Welcome to the first of what’s going to be a weekly edition at Access Twins called “Monday’s Mail.” If you’d like to be involved, there are a few ways you can do so:
Tweet @brandon_warne or @accesstwins with the hashtag #askBW
if Twitter isn’t your thing, email to email@example.com with the subject “Monday Mailbag”
Watch for sporadic Facebook posts asking for questions
Should be pretty easy, right? Let’s dive right in:
It sure feels like it. He was nasty in Sunday’s Grapefruit League action, striking out two of the three batters he faced with some funky-looking stuff.
If you want to watch him work, go to about 1:25 of this video:
Canterino touched 99 and showed off a delivery that, at least to me, looks like one that would thrive in short relief. He has a strong four-pitch mix according to MLB.com’s Jonathan Mayo — which would indicate a strong chance of at least getting the chance to start in the future — but with how the team is constructed right now, his best bet would be in relief later on in the year.
A couple of reasons to be optimistic about Canterino debuting this season are that he’s already 23, and he turned heads when he reported to the alternate training site late last season with his velocity and aforementioned pitch mix.
Also, the Twins will be operating with a bit of a shallower pool of established relievers this season. This doesn’t mean the bullpen will be worse than last year necessarily, but the leap to the big leagues won’t involve jumping over established big leaguers like Sergio Romo and Tyler Clippard, but rather other talented youngsters like Edwar Colina, Bailey Ober and Dakota Chalmers or intriguing journeymen like Luke Farrell, Glenn Sparkman, Derek Law and others.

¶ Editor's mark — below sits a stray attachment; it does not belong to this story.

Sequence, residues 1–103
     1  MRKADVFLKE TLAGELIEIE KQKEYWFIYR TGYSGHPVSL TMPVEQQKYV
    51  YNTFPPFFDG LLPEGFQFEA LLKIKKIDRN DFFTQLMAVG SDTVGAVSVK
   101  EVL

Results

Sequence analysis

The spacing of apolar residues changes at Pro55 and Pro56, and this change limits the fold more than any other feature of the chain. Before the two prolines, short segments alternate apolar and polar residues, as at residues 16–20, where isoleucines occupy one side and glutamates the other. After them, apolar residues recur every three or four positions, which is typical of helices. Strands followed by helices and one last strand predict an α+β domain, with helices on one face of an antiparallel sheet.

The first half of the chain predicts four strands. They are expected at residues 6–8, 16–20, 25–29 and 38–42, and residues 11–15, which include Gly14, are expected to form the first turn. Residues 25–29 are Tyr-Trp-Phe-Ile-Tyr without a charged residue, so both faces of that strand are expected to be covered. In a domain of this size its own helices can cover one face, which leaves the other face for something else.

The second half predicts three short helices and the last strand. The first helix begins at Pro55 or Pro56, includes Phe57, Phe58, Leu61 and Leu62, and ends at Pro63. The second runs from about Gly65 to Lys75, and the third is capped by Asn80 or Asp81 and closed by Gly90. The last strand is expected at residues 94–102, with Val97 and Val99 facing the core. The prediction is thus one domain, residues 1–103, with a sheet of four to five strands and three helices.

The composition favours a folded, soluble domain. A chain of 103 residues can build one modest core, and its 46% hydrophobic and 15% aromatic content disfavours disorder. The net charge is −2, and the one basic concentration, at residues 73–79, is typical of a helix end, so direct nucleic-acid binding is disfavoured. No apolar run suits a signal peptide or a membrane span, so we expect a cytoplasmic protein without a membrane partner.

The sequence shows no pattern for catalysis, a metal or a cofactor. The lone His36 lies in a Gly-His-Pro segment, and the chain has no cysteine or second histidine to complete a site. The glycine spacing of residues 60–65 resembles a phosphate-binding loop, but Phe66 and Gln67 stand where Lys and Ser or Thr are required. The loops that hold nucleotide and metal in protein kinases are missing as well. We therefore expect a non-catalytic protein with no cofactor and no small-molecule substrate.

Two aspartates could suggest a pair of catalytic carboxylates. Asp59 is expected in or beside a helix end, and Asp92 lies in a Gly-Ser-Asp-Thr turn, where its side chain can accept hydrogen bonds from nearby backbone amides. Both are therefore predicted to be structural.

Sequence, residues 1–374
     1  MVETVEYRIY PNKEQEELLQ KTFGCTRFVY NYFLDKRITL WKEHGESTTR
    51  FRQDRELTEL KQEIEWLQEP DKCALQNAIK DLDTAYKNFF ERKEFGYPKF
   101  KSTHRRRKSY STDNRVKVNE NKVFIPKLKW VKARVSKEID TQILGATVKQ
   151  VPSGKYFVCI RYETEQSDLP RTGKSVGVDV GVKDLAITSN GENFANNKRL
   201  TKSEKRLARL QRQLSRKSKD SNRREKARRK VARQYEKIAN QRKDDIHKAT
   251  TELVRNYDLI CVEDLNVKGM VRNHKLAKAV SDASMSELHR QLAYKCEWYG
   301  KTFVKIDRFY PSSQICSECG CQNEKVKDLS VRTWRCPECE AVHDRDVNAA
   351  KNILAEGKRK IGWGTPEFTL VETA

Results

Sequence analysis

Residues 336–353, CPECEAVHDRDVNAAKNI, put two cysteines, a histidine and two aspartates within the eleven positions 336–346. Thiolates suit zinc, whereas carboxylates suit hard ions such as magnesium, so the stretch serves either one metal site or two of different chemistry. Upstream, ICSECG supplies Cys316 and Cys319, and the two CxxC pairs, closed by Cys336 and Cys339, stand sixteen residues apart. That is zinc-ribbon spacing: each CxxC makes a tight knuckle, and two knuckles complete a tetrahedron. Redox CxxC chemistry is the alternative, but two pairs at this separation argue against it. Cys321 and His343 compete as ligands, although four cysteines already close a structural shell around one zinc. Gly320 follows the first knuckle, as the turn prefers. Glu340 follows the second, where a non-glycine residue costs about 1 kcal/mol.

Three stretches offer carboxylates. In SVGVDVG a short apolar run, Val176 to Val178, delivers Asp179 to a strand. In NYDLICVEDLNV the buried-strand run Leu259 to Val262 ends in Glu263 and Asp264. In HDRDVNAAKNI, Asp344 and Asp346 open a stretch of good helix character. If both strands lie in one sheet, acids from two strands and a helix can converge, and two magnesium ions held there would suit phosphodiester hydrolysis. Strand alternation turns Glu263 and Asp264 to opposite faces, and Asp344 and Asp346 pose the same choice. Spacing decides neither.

I’d say Canterino has a good chance.
OK, so first, a couple of things here:
First, I said Ryan Jeffers for this question last year, so I’m patting myself on the back (just a little!) about that.
But secondly, this would have been Akil Baddoo if he hadn’t been snapped up in the Rule 5 draft. I love the skill set and potential to hang in center, and I highly doubt the Detroit Tigers — who are still pretty firmly in the throes of a rebuild — will return him at the end of spring training.
For me, the answer to this is Gilberto Celestino. Not only can he really pick it defensively…
But I think he can be more than adequate offensively from the right side as well. Celestino hit .276/.350/.409 at Low-A in 2019, which included walking almost 10 percent of the time and fanning just 16.1 percent of the time. That slash line might seem good but not necessarily great, but it was good for a 122 wRC+.
Celestino has shown the ability at times to take walks while limiting strikeouts, and there’s potential for double-digit steals and homers every year as well. With his defensive profile, that’s a really, really nice player.
I’m really conflicted about this. He’s not on the 40-man roster, and it’s hard to say the Twins definitely need a backup who can handle center when Max Kepler is on the roster as well as Jake Cave.